Have you got a positioning problem, or a marketing problem?

How well positioned is your business? Have you got a positioning problem, or a marketing problem? Take the Valuable Test and find out.

Right here

“You don’t need to compete when you know who you are.” – Bernadette Jiwa

Matters of clarity

Confidence in business is always a balancing act, isn’t it? When you’re feeling right in the zone things just flow. Work is rewarding, clients are happy, anything seems possible. Lose that feeling of surety and life becomes hard.

If things don’t feel like they’re blossoming for you at the moment – if you’re not getting enough of the right leads or even the right conversations – it’s often easy to think ‘I must market the business harder’ or ‘I just need to get better at sales.’

But here’s one thing we’ve learned over the years. More often than not, losing your mojo isn’t a sales or marketing or content issue. It’s a positioning problem. It stems from not being clear on who you are as a business, and who exactly your business is for.

“More often than not, losing your mojo isn’t a sales or marketing or content issue. It’s a positioning problem.”

3 well positioned businesses, focused for success

Well positioned businesses share a powerful sense of identity. They’re clear what they stand for, who they’re in business to serve, where they’re headed and why.

When I think about well positioned businesses here are a few that spring to mind:

  1. Newfangled. My favourite US web agency helps knowledge-based firms (agencies and consultancies) create powerful digital marketing systems that make a measurable impact to the bottom line. They ooze focus, credibility and confidence: www.newfangled.com
  2. The Get Real Project. Our client Andrea’s training teaches firms of consultants and professional advisors the soft skills they need to build trust and strong relationships. Andrea is clear exactly who her services are for, and her confident, personality-filled website is drawing just the right leads towards her: thegetrealproject.com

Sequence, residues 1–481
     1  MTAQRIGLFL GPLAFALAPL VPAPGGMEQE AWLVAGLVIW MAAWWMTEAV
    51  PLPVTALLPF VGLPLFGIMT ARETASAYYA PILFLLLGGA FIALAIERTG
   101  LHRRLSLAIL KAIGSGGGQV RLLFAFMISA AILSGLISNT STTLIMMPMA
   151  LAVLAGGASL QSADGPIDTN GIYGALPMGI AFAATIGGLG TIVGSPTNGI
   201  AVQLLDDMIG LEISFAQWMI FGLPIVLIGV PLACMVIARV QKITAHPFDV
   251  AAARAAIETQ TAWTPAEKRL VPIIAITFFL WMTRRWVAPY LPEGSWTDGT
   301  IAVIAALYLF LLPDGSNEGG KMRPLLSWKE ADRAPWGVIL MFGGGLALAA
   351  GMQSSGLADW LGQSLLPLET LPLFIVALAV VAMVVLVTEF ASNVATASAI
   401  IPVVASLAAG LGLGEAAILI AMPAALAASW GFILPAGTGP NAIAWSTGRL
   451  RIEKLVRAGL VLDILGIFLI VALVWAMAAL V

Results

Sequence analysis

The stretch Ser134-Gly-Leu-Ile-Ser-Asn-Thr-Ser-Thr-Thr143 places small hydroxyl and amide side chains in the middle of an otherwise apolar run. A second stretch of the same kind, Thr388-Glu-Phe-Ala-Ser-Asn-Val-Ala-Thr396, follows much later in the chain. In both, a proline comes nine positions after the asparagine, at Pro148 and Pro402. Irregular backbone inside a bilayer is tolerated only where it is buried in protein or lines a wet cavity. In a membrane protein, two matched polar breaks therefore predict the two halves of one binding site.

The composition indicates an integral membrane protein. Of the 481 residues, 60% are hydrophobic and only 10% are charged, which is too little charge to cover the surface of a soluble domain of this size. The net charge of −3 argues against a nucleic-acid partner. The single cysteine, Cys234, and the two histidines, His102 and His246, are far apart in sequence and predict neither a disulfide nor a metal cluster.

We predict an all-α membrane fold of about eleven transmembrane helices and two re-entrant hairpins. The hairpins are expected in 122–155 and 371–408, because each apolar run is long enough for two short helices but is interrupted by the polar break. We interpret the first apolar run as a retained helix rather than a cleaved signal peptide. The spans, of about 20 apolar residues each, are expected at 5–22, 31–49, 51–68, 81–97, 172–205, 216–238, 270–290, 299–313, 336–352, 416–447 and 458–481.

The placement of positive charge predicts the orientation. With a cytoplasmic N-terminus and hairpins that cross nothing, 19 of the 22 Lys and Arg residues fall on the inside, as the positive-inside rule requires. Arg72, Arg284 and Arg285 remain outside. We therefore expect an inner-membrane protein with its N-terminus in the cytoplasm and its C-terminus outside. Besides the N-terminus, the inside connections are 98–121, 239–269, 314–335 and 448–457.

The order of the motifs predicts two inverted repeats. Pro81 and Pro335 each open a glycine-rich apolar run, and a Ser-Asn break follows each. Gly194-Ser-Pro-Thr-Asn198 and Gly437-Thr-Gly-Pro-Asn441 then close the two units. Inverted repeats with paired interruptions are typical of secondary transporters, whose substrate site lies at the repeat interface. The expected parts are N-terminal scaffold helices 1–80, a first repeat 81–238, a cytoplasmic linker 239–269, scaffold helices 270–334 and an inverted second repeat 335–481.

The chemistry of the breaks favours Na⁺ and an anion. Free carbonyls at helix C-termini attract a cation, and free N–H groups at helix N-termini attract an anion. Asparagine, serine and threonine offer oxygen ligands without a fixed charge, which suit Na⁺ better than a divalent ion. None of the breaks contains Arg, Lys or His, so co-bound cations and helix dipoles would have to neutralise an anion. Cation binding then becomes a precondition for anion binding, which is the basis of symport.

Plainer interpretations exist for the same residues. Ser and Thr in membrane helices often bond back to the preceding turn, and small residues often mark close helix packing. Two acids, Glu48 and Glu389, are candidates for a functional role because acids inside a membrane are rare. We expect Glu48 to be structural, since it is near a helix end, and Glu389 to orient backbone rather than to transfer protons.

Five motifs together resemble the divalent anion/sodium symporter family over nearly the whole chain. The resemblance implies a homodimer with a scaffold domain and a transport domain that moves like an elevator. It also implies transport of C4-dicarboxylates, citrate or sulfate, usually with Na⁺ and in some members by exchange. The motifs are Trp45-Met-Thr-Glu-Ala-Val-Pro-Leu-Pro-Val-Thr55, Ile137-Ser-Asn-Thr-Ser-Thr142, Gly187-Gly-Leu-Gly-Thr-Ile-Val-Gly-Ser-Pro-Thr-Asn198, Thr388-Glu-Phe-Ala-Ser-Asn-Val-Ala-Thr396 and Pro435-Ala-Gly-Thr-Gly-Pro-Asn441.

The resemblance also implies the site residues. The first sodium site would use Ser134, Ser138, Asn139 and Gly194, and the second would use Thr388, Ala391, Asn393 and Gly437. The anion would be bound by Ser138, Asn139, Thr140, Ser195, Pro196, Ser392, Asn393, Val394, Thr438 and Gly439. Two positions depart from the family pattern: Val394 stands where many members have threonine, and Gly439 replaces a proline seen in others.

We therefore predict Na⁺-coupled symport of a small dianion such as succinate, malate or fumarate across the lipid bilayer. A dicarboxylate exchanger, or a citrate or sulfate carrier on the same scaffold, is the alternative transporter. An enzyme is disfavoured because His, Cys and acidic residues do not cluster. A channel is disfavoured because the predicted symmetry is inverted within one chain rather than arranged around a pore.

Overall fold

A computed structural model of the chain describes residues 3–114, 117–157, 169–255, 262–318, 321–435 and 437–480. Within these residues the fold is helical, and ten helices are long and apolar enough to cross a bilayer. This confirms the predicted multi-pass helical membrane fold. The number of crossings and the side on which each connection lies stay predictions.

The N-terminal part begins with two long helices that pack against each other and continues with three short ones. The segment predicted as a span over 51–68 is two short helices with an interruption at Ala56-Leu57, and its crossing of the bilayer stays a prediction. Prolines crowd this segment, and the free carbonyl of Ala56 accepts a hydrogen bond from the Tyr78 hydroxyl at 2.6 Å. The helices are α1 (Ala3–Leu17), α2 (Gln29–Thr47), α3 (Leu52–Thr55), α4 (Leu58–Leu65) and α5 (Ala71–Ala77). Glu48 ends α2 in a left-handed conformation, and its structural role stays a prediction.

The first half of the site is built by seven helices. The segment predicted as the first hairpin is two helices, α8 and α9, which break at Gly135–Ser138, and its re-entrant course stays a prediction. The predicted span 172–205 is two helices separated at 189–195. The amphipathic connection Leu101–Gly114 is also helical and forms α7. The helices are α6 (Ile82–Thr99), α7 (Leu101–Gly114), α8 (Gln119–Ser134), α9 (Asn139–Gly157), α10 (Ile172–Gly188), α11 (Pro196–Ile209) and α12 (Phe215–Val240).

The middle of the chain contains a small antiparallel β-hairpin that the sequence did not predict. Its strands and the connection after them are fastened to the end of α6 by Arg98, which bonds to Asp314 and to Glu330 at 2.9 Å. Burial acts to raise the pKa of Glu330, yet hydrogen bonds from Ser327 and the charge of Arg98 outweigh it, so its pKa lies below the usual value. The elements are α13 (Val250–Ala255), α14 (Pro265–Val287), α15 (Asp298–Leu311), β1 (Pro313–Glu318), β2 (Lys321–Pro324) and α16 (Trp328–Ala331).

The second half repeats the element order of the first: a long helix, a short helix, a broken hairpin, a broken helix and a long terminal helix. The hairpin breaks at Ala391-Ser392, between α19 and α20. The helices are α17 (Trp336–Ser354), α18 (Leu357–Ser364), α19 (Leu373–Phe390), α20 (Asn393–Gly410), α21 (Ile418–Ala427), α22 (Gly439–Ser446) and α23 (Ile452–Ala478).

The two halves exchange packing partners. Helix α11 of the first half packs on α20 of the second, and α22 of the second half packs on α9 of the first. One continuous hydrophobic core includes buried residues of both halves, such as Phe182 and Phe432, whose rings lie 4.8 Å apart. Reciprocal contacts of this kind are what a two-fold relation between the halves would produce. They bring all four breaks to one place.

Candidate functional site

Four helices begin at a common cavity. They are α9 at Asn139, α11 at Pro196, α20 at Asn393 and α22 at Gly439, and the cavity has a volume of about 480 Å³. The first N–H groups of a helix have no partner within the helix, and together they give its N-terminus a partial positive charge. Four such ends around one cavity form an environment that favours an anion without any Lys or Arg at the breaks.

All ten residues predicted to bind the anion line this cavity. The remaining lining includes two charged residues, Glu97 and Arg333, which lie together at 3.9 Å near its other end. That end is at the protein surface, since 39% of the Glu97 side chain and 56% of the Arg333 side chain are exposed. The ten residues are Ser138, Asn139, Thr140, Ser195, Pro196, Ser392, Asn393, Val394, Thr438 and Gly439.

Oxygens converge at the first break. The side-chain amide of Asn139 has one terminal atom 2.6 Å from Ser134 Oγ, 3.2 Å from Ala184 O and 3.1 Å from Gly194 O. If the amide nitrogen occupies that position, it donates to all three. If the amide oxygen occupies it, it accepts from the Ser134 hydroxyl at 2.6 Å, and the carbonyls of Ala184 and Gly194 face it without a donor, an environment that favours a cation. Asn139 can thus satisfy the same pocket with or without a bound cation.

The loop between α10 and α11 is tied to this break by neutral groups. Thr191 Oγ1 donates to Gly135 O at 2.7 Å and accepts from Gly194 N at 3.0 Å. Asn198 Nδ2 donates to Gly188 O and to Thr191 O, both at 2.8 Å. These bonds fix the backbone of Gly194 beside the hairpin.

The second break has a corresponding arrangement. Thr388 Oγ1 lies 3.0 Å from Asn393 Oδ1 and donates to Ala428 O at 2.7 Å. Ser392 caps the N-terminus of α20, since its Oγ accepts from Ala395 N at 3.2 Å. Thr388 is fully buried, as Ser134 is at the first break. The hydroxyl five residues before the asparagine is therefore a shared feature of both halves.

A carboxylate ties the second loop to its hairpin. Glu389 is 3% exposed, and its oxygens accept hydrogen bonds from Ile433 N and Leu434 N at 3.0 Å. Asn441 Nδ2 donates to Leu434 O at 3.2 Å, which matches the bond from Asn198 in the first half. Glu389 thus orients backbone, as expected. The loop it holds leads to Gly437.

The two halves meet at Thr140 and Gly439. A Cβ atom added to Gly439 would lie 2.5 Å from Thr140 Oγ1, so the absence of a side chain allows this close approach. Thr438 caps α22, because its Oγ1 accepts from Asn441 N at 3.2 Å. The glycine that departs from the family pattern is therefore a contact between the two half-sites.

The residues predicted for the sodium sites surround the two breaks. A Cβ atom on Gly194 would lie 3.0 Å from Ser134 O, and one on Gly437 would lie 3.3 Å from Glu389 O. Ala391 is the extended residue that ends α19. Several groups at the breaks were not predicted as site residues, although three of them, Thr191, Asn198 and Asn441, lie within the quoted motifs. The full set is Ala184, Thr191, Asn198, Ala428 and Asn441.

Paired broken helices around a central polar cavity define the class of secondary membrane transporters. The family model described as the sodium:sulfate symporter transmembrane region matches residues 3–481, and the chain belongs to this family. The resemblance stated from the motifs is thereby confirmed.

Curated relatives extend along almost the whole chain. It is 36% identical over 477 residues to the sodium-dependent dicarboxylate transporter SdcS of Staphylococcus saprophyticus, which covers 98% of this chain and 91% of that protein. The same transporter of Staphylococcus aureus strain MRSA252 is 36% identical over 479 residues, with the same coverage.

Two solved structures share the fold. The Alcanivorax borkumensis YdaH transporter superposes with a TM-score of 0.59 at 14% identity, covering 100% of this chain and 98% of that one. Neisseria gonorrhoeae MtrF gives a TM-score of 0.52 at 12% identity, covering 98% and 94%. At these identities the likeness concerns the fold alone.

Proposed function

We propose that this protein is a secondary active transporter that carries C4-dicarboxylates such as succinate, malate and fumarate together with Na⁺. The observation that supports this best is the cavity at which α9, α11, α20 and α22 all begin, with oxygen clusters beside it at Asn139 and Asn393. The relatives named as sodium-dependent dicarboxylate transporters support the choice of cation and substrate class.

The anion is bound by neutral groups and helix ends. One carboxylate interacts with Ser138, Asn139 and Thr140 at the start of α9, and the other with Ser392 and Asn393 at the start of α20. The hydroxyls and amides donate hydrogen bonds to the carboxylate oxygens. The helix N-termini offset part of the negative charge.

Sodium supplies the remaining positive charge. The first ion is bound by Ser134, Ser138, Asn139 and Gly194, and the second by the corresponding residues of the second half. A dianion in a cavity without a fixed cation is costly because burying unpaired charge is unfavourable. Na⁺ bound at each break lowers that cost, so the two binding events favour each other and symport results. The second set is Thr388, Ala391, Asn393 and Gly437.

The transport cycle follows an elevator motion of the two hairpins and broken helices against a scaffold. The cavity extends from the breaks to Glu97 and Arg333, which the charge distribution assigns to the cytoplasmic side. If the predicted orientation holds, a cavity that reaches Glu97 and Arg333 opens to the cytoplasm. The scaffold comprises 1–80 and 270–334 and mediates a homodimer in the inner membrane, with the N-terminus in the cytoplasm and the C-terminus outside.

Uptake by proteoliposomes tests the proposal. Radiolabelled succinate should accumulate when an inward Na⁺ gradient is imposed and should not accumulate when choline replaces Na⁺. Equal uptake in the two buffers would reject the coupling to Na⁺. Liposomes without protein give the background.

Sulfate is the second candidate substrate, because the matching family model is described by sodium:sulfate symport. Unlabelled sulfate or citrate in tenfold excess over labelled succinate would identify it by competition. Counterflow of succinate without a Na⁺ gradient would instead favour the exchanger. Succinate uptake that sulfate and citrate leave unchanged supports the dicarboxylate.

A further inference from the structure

3. Death and Taxes. Niche positioning at its finest: an accountancy service run by a goth for other goths! The client book is full at present but you can still buy their merch, it’s great!: deathandtaxes.biz

Death and Taxes niche positioning

“The more deliberate and specific we are about who we want to serve, the better our products and services will be.” – Bernadette Jiwa

From the outside, these clearly positioned businesses are easy to refer. I’m clear who they want to work for and the problem they can solve, and I’m impressed by the approach they take to do so. I actively look out for opportunities on their behalf, and relish introducing them to those looking for help.

“Customers buy when they find that you are in their bull’s eye – i.e. exactly what they are looking for. But the more bland and boring your marketing message, the more you become one of many in the outer rings of the target. When you have a niche – either by who you serve or by what you do – then you stand out as a specialist.” – Paul Simister, Differentiate Your Business.